... ... -moratorium creditor means a creditor in respect of a pre-moratorium debt—(a) for which the company has a payment holiday during the moratorium ... in debentures) ;section 859Q (notice of place where copies of instruments creating charges are kept) ; ... (f) the following provisions of the ... ...
  • Sanctions and Anti-Money Laundering Act 2018
    • UK Non-devolved
    • January 01, 2018
    ... ... (12) Section 4(1) of the Statutory Instruments Act 1946 (statutory instruments which are required to be laid before ... payment instruments;(b) deposits, balances on accounts, debts and debt obligations;(c) publicly and privately traded securities and debt ... ...
  • Terrorist Asset-Freezing etc. Act 2010
    • UK Non-devolved
    • January 01, 2010
  • The Insolvency (England and Wales) Rules 2016
    • UK Non-devolved
    • January 01, 2016
    ... ... arrangement in relation to a company under Part 1 of the Act;“debt” is defined in rule 14.1(3) for the purposes of administration and ... ...
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Books & Journal Articles
  • Securitisation, Money Laundering and Fraud
    • No. 1-2, February 1997
    • Journal of Money Laundering Control
    • 148-153
    Securitisation is the process of raising finance by the issuing of bonds or commercial paper. In many cases the originator of the arrangement will, in return, be selling a package of existing loan ...
    ... ... return, be selling a package of existing loan assets in the form of debt instruments. The first of these arrangements is known as 'primary ... ...
  • Governance and optimal financing for asset‐backed securitization
    • No. 22-5, October 2004
    • Journal of Property Investment & Finance
    • 414-434
    Asset‐backed securitization (ABS) is an interesting financial innovation whereby debt instruments backed by cash flows generated from income‐producing assets are issued for investment purposes in t...
    ... ... and composition,legal protections and external market control via debt issuance. The agency problemsarising from the separations of the ... , ABS isreferred to a contractual arrangement whereby debt instruments backed by the cashflows generated from real estate assets are securitized ... ...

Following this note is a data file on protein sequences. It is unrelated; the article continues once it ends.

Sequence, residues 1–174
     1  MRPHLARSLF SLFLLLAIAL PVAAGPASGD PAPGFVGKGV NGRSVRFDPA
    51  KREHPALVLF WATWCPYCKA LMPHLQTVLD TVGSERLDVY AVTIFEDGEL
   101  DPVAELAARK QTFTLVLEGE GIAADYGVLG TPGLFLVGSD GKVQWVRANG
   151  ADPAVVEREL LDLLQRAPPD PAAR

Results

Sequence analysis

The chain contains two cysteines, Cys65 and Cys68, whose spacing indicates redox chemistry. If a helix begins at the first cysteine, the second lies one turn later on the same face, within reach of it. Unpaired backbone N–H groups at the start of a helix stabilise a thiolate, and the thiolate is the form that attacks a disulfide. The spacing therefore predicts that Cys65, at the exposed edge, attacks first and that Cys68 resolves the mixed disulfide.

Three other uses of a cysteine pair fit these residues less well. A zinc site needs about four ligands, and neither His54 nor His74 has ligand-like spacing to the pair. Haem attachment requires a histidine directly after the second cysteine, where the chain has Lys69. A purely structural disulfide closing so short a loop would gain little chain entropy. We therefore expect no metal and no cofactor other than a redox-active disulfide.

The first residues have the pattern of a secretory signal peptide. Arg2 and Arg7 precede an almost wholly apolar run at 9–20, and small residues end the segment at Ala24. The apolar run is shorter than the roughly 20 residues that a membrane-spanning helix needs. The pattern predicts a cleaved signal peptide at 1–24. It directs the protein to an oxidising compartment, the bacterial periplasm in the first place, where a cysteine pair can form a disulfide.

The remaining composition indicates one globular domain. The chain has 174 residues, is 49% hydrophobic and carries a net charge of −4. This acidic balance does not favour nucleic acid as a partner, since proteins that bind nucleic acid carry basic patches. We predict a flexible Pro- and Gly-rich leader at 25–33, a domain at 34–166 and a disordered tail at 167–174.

• Is the third Greek Memoranda of Understanding and Loan Agreement of August 2015 odious?. Truth Committee on Public Debt in Greek or Hellenic Parliament and criticism on results
    • No. 20-3, July 2017
    • Journal of Money Laundering Control
    • 220-230
    Purpose: The purpose of this study is to examine the odious debt concept in Greece. In Greece, the odious debt concept received high attention during recent financial crisis and Greek or Hellenic P...
  • On the Perils of Structured Loans Financing in France and Italy
    • No. 10-3, September 2019
    • Global Policy
    The restructuring process of sovereign debt is not yet managed under common global rules; public debt stabilisation is an explicit policy goal in the EU, but cannot be achieved if local public auth...
    ... ... “ La T uscia ” Abstract The restructuring process of sovereign debt is not yet managed under common global rules; public debt stabilisation is ... authori- ties extensively underwrote complex fi nancial instruments, such as over the counter (OTC) interest rate and exchange rate ... ...
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Law Firm Commentaries
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Forms
  • Give a record of evidence (individual debtor)
    • HM Courts & Tribunals Service court and tribunal forms
    County Court forms including the N1 money claim form.
    ... ... Dining Room suite ... Mobile telephone ... Musical instruments ... Other items… ... Do you own a motor ... Do you have any assets ... Does anyone owe you ... money, which is not a ... business debt or for work ... you have done? ... If Yes, who owes you money and how much ... ...